Cuba declares Good Friday a holiday at Pope's request
HAVANA (Reuters) - Cuba has declared next week's Good Friday as a holiday in recognition of a request by Pope Benedict and his "transcendental visit" to the island, state media said on Saturday.
The communist government will decide later whether to make Good Friday, the day Christians commemorate Christ's death, a permanent holiday, it said.
It will be celebrated this year on April 6.
Benedict requested the holiday, part of Easter celebrations, in a meeting on Tuesday in Havana with President Raul Castro, the Vatican said.
After Cuba's 1959 revolution, then leader Fidel Castro ended religious holidays as part of the transformation to communism.
He reinstated Christmas to honor a request by Pope John Paul when he visited Cuba in 1998, in a trip that marked a turn for the better in Church-state relations, which have improved in recent years.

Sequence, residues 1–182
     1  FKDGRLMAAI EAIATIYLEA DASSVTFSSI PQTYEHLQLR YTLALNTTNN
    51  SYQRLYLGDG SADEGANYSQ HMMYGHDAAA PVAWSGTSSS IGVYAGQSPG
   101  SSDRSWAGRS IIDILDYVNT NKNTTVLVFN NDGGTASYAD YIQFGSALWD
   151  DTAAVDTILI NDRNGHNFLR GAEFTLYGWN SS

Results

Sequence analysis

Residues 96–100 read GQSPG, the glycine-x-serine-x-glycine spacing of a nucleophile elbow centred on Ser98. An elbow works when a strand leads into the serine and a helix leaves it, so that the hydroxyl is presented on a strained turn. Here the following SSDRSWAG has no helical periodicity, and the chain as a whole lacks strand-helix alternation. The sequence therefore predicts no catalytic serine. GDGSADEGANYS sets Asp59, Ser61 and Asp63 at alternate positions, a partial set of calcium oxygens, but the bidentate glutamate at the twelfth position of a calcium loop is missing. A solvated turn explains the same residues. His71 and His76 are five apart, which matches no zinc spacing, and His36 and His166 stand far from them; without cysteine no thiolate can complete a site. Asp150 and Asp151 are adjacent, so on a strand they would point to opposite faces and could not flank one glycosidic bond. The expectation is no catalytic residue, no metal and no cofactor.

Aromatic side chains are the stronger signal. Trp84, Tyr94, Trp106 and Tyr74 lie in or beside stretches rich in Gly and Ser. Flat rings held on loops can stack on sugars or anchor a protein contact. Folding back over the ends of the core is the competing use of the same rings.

Benedict, who came to Cuba for three days starting on Monday after a stop in Mexico, urged change on the island and asked that the Church be able to do more in a time of potentially painful transition.
President Castro, who succeeded older brother Fidel Castro in 2008, has undertaken economic reforms that will include the slashing one million jobs from government payrolls.
(Reporting by Nelson Acosta; Editing by Jeff Franks and Sandra Maler)